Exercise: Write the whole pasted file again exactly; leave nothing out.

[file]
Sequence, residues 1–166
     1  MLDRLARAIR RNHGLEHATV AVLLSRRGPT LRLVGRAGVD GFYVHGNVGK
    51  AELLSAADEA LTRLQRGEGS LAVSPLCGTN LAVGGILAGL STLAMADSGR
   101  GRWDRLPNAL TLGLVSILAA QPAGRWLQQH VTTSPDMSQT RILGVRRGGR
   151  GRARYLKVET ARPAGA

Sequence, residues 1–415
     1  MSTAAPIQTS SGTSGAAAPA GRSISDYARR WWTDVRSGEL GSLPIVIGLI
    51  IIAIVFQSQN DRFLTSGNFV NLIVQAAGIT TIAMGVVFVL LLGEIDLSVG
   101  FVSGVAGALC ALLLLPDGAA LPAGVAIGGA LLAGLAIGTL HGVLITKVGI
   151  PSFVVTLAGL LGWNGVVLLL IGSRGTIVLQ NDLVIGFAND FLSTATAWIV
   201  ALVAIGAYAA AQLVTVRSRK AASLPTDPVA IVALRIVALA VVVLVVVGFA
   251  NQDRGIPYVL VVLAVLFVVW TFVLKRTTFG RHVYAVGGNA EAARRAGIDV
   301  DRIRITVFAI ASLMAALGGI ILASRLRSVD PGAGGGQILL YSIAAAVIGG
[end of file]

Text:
Sequence, residues 1–166
     1  MLDRLARAIR RNHGLEHATV AVLLSRRGPT LRLVGRAGVD GFYVHGNVGK
    51  AELLSAADEA LTRLQRGEGS LAVSPLCGTN LAVGGILAGL STLAMADSGR
   101  GRWDRLPNAL TLGLVSILAA QPAGRWLQQH VTTSPDMSQT RILGVRRGGR
   151  GRARYLKVET ARPAGA

Sequence, residues 1–415
     1  MSTAAPIQTS SGTSGAAAPA GRSISDYARR WWTDVRSGEL GSLPIVIGLI
    51  IIAIVFQSQN DRFLTSGNFV NLIVQAAGIT TIAMGVVFVL LLGEIDLSVG
   101  FVSGVAGALC ALLLLPDGAA LPAGVAIGGA LLAGLAIGTL HGVLITKVGI
   151  PSFVVTLAGL LGWNGVVLLL IGSRGTIVLQ NDLVIGFAND FLSTATAWIV
   201  ALVAIGAYAA AQLVTVRSRK AASLPTDPVA IVALRIVALA VVVLVVVGFA
   251  NQDRGIPYVL VVLAVLFVVW TFVLKRTTFG RHVYAVGGNA EAARRAGIDV
   301  DRIRITVFAI ASLMAALGGI ILASRLRSVD PGAGGGQILL YSIAAAVIGG